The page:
Dressing up a brand against lookalikes: part one
The launch of any fashion brand is usually preceded by clearance and the registration of one or more trademarks. However, this is not always the case and a trademark registration does not always provide the necessary scope of protection against copycats. This drives the need for unconventional means of brand protection.
What is worth copying is worth protecting. A luxury brand’s notoriety is often the target of imitators. Skilfully made lookalikes avoid stealing the actual brand name and instead focus on the overall trade dress. They mimic the shape, colour and label of a product’s packaging, without including the actual trademark, in order to avoid trademark infringement prosecution. Distinctive trade dress plays an important role for any big brand by increasing its notoriety, prestige and reputation, identifying and differentiating the goods in typically oversaturated mass markets.
Part one of this update summarises the types of protection available and the pitfalls of each for fashion brands.
Registering an industrial design for a pattern or shape is a popular choice of brand protection in Russia, especially for luxury bags. According to the Federal Institute for Industrial Property’s Register of Designs (as of 5 August 2018) there are 695 registered bag designs. However, fashion is transitory and extensive legal procedures provide outdated results. Unlike the European Union, Russian legislation does not provide for the protection of unregistered designs. Therefore, this method of protection takes 12 to 18 months to obtain a registration, during which stores may be selling counterfeits of the latest collection.
Copyright offers the right to sue for infringement in Russia, as it is a member of the Berne Convention. A state register exists only for software and databases; the author may opt to also register other types of work with a non-governmental organisation. The originality requirement is easier to satisfy than the novelty requirement in patent law – the work must merely be an independent creation and have an element of creativity.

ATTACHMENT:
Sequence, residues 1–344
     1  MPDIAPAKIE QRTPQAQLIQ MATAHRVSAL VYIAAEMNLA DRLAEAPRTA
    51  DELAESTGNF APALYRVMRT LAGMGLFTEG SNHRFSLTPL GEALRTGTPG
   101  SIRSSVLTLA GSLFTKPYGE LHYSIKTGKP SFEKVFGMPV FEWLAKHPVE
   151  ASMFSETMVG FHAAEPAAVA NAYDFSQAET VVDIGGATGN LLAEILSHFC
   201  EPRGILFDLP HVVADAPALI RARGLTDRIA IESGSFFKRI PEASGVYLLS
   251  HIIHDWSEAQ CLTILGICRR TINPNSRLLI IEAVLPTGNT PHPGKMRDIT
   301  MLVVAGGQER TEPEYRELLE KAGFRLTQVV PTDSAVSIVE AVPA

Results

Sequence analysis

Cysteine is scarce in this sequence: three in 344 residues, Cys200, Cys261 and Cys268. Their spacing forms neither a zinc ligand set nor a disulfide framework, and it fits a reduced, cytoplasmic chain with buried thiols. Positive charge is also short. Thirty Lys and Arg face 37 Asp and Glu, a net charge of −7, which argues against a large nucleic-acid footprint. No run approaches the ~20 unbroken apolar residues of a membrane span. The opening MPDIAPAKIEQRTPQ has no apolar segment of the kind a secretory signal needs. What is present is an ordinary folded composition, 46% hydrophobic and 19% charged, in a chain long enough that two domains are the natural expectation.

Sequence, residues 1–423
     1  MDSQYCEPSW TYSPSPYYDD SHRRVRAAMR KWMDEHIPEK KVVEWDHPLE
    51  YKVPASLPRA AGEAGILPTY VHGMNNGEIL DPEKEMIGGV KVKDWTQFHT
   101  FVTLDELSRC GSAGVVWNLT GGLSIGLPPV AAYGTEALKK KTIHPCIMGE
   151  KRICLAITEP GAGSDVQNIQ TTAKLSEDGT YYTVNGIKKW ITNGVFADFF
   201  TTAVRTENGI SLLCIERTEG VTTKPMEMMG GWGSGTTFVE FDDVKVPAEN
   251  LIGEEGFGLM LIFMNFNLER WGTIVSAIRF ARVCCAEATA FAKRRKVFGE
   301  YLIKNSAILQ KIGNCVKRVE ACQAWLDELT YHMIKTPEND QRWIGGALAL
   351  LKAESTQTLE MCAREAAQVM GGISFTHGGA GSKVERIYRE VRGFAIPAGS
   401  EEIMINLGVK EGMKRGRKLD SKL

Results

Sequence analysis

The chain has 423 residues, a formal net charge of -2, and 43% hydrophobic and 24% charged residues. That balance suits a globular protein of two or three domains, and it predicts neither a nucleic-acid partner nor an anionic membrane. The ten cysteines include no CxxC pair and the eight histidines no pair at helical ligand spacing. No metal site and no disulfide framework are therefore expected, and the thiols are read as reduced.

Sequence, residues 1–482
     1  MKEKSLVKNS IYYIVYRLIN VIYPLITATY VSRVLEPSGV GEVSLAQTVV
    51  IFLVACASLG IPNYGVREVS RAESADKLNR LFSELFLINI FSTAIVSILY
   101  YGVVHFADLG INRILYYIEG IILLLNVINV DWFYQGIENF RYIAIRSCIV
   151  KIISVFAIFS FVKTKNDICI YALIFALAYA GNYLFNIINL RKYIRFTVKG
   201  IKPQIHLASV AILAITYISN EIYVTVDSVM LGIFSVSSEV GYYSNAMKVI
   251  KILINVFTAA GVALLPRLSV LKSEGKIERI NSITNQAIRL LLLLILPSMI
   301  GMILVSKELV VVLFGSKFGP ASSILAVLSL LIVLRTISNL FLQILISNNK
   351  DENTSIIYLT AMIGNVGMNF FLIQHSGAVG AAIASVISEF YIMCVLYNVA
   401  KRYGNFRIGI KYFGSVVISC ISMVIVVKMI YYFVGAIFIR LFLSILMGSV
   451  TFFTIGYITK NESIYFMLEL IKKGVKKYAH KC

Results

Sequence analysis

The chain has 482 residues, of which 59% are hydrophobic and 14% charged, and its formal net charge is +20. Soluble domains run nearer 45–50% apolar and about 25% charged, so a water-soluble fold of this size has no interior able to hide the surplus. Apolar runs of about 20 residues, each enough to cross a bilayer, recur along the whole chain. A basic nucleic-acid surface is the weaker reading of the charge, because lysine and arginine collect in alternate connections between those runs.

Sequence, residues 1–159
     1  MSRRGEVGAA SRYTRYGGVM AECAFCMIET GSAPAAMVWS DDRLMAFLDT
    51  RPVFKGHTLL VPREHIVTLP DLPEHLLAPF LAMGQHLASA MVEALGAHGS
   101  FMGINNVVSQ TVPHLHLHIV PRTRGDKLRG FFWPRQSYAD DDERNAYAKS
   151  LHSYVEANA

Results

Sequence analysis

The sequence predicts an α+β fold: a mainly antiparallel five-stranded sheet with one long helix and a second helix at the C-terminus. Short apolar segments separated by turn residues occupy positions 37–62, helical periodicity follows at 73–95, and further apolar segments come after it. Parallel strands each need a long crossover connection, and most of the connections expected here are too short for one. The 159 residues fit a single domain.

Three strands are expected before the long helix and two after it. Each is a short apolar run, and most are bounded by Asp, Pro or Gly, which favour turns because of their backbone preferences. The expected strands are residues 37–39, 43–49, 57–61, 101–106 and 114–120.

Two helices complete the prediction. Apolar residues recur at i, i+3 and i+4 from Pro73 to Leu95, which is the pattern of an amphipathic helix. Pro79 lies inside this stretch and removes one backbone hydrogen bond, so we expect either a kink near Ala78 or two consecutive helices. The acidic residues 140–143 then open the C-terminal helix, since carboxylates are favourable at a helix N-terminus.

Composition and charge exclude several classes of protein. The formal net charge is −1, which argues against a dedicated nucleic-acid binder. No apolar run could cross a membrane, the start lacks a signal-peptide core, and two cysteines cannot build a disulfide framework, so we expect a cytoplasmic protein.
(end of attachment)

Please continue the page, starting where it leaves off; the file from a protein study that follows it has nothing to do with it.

Depending on the type of infringement, a brand owner can protect its fashion-related goods as copyrighted works or industrial designs (Paragraph 24 of the Decision of the Plenum of the Supreme Court and the Plenum of the Supreme Arbitration Court of the Russian Federation, 26 March 2009, 5/29). In many other countries (eg, the United States) one form of protection excludes the other, since historically clothing has been considered as having an “intrinsic utilitarian function” (Section 101 of the US Copyright Act 1976).
Russian court cases concerning copyright in fashion designs are rare and the Civil Code does not define the term ‘design’ in the context of copyrightable objects. Therefore, it is hard to draw conclusions on the enforceability of copyright claims for fashion-related goods.
Although a trademark is arguably a more reliable form of protection, in fashion it is often considered unsuitable for protecting an item’s cut, sewing pattern or overall shape. Due to the conservative approach of the Russian patent office, three-dimensional trademark protection is granted on rare occasions where the brand owner can prove that a consumer would make a strong connection between the item’s shape and its manufacturer. Other non-traditional trademarks (eg, perfumes) also face obstacles as there is no formal process that defines what is to be deposited in the trademarks office.
Fashion brands in Russia may struggle to protect their rights in fashion-related goods or services using any of the above methods. Part two of this update will focus on trade dress protection in Russia and outline several key cases, demonstrating an alternative approach to IP protection for the fashion industry.
This is an insight article whose content has not been commissioned or written by the IAM editorial team, but which has been proofed and edited to run in accordance with the IAM style guide.
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